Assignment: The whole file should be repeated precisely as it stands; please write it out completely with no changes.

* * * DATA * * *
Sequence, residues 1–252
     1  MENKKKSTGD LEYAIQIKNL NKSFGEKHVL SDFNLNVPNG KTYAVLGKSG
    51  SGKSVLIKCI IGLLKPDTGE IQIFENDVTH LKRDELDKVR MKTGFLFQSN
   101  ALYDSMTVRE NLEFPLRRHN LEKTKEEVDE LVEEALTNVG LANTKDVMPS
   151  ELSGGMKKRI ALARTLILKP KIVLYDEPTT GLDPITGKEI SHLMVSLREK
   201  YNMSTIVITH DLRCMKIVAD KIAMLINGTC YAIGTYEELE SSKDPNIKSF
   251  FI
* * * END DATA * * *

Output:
Sequence, residues 1–252
     1  MENKKKSTGD LEYAIQIKNL NKSFGEKHVL SDFNLNVPNG KTYAVLGKSG
    51  SGKSVLIKCI IGLLKPDTGE IQIFENDVTH LKRDELDKVR MKTGFLFQSN
   101  ALYDSMTVRE NLEFPLRRHN LEKTKEEVDE LVEEALTNVG LANTKDVMPS
   151  ELSGGMKKRI ALARTLILKP KIVLYDEPTT GLDPITGKEI SHLMVSLREK
   201  YNMSTIVITH DLRCMKIVAD KIAMLINGTC YAIGTYEELE SSKDPNIKSF
   251  FI